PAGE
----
If you’ve arrived on this page thinking something dirty — you can leave now.
If you want to educate yourself on something that could save your life, or your mother’s life or your wife, or sister’s, daughter’s, niece’s, friend’s, cousin’s life… heck, anyone with breasts, then stick around and let’s talk.
YES! Let’s talk about breasts!
I figure if Solomon could write about bosoms as much as he did in the Bible – then this Pastor’s Wife could surely do the same!

The following are Canadian Cancer statistics from 2011:

  • Breast cancer continues to be the most frequently diagnosed cancer in women, with over 23,400 new cases expected. In 2011, four cancers (breast, lung, colorectal and prostate) will account for 54% of all cancers diagnosed in Canada.

  • Breast cancer, which represents 28% of cancer cases in women, ranks second in mortality at 14%.

  • Breast cancer occurs primarily in females 50–69 years of age. Twenty-eight percent of breast cancer cases will be diagnosed among women over the age of 69, while 19% will occur in those under age 50.

  • Breast cancer is the most common cancer in females over the age of 20. Deaths from breast cancer are more frequent than other common cancers only in women 30–39 years of age.

Now that I have your attention…

Did you know that there are different kinds of breast tissue types?
I didn’t. Not until my friend Dee did something extremely brave when she invited the world to join her in very private moment {watch the video below}. She opened my eyes to a whole new world as I have spent the last few weeks scouring the internet for more information. I don’t think I’ve given myself more self-examinations in my life as I have done in the past month!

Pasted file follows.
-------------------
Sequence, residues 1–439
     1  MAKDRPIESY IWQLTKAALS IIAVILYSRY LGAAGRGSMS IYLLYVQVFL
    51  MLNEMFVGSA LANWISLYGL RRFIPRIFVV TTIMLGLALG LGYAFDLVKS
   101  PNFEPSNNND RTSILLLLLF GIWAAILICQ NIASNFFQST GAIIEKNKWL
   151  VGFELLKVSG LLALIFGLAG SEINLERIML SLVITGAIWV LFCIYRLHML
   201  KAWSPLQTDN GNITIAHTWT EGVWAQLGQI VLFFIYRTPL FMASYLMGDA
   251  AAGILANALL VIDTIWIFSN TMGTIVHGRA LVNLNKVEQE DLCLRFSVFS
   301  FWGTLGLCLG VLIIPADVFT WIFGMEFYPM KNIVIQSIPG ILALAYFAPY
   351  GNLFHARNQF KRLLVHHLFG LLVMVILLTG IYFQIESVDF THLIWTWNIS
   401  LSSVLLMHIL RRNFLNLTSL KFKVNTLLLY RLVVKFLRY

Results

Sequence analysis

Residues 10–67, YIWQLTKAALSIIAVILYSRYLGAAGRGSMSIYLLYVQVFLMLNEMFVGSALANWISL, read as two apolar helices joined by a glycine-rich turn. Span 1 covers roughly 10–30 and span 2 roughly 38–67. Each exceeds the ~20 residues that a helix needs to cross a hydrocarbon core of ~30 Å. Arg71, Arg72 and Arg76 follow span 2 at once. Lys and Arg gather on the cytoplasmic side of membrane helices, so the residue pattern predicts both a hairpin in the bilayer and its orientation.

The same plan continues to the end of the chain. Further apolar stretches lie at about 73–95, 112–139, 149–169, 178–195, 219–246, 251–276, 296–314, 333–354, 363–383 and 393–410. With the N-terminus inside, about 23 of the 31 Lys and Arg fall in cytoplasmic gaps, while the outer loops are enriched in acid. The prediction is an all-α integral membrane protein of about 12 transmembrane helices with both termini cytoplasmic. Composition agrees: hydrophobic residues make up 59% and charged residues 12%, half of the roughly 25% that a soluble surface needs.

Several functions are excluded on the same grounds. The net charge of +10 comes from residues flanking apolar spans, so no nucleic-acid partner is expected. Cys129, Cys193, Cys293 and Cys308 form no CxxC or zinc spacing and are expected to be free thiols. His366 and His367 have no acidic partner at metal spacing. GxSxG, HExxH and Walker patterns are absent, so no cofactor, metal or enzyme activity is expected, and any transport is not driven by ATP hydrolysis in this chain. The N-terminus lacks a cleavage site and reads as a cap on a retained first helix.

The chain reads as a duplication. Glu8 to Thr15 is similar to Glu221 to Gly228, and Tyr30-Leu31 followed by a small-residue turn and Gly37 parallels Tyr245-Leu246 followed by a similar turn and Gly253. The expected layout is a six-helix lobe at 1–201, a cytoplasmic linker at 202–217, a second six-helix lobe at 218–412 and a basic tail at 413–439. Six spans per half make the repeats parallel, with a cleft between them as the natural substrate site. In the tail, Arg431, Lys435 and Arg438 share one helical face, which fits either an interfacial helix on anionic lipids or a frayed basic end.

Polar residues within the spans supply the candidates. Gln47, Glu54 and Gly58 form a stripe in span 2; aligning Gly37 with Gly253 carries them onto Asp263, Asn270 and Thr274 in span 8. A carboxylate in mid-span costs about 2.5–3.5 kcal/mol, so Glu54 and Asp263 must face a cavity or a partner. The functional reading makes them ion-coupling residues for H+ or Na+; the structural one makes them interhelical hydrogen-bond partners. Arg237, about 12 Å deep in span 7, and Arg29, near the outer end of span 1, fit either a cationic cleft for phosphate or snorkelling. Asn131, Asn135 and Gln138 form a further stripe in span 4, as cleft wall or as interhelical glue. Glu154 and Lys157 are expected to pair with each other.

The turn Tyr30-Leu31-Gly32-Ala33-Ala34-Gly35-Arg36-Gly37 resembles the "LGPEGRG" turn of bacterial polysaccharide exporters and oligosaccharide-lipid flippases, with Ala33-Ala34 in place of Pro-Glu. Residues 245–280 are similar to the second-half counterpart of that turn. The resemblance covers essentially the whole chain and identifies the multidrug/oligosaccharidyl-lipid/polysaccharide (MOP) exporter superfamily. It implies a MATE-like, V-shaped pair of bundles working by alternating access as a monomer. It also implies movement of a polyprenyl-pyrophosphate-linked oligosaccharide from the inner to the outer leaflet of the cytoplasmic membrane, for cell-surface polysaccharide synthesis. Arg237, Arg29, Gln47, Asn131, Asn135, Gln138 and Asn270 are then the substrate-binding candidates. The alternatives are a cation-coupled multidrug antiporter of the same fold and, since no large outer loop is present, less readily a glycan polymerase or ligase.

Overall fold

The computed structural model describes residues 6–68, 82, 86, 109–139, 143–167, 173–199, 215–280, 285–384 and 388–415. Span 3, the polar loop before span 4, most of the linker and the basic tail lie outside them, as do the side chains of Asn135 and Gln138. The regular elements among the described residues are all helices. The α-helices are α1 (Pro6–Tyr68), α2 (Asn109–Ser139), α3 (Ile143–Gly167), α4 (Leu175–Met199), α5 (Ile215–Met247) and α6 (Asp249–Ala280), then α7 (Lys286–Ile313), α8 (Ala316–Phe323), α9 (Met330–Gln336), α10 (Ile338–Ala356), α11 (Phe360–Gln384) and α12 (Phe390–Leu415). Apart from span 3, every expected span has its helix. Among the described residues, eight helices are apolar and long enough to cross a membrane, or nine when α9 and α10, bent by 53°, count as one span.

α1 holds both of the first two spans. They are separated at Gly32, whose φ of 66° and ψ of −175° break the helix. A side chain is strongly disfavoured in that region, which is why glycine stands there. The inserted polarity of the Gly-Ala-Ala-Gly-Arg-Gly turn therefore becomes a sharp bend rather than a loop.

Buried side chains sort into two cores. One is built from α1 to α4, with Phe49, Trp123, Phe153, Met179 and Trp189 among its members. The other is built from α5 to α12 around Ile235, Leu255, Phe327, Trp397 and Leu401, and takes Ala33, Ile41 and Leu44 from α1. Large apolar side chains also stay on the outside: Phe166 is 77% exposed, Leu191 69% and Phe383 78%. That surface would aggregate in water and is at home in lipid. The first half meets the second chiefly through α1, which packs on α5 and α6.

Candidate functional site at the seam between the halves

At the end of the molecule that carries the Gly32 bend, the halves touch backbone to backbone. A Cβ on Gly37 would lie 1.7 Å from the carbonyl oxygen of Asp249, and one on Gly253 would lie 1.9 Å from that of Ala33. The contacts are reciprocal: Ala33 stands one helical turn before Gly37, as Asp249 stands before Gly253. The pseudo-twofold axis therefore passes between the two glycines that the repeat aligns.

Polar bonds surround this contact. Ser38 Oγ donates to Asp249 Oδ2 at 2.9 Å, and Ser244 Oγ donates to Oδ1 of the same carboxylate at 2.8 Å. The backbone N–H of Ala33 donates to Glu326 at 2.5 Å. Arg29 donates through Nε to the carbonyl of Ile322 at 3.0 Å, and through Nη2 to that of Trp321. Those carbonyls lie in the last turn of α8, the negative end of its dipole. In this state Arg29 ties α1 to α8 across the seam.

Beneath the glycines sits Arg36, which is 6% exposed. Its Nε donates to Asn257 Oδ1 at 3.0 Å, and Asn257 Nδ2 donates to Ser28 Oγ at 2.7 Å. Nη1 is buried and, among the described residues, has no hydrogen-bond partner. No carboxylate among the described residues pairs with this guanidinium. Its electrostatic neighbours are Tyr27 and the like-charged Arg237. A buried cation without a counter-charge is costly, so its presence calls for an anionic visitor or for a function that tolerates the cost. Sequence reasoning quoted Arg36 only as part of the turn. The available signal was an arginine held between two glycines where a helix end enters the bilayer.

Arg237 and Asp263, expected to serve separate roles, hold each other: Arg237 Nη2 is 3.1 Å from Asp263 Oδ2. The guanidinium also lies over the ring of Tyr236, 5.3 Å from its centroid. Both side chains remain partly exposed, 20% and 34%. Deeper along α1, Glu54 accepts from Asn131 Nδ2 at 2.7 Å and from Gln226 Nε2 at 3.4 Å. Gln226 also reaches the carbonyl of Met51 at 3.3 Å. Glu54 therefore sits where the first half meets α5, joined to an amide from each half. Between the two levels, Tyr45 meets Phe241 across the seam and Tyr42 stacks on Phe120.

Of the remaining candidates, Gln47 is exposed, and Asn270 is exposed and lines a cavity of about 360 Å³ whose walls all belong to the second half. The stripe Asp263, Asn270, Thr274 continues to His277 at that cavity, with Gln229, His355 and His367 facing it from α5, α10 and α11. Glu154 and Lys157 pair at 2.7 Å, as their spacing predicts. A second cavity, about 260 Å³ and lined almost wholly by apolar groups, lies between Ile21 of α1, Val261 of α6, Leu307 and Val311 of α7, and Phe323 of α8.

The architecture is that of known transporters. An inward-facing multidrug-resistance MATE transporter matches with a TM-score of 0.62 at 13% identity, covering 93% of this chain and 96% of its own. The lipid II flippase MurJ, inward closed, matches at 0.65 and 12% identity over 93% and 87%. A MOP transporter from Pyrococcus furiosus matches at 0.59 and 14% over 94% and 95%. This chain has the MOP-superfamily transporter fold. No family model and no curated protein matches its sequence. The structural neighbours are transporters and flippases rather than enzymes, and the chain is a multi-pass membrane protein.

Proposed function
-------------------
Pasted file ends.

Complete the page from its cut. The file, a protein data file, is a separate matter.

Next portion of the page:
I also found out that younger women and some into their 40’s are more apt to have dense breasts, it’s what gives them their “perky” look. As we age, our breasts tend to… sag… which is when the dense tissue is replaced by fatty breast tissue.
Did you know that dense breast tissue is a significant risk factor for Breast Cancer?
I didn’t either until lately. Dense breasts have less fat and more glandular {connective / dense} tissue. This results in Mammogram images that are harder to read. Not good. Dense breasts are also 4 to 6 times more likely to develop cancer. Not good at all.

Far Left: Fatty Breast Tissue | Various Categories |  Far Right: Extremely Dense

How do you find out if your breasts are dense and if you’re at risk for developing breast cancer?
Well… you can’t tell solely by a Mammogram, as results have proven, and definitely not only by self-examination!
One option that I now know about, because of Dee’s “exposure” of these issues with the tissues… is a VIP Breast Imaging® ultrasound. ABUS is new Automated Breast 3D Ultrasound technology. It’s safe {as safe as a pregnancy ultrasound}, radiation-free, non-invasive, and painless!

If you’re in Toronto you can go to:
525 University Ave, Toronto,
Ontario, M5G 2L3
Phone: 647-350-2229
or in Vancouver,
750 West Broadway Suite 1103, Vancouver,
British Columbia, V5Z 1J1
Phone: 604-708-8853

Using ABUS as an adjunct to mammogram, or as an early screening choice, can significantly improve the early detection rate especially for women with dense breasts. ~ VIP Breast Imaging

One more stat I’d like to share with you before you watch Dee’s video {and you should watch it, and without little ones around or teen-aged boys…}

  • The breast cancer mortality rate is the lowest it has been since 1950. Source: cancer.ca

I think that’s thanks to people like Dee who aren’t afraid to do more than just talk about things like this.

This procedure costs $300 in Ontario and is not covered under OHIP. Check with your private insurance carrier to see if they’ll cover you.

Follow @vipbreastimagin on Twitter


I'm the Cool Mom of 4, Married to the Preacher Man, but at times I'm a little more Sass than Saint!

You may also like...


  1. I'm so proud of Dee for sharing this and I'm so glad you are posting about it too Shannon. I wish there were more options around Canada though! I'm a little far from Toronto & Vancouver!!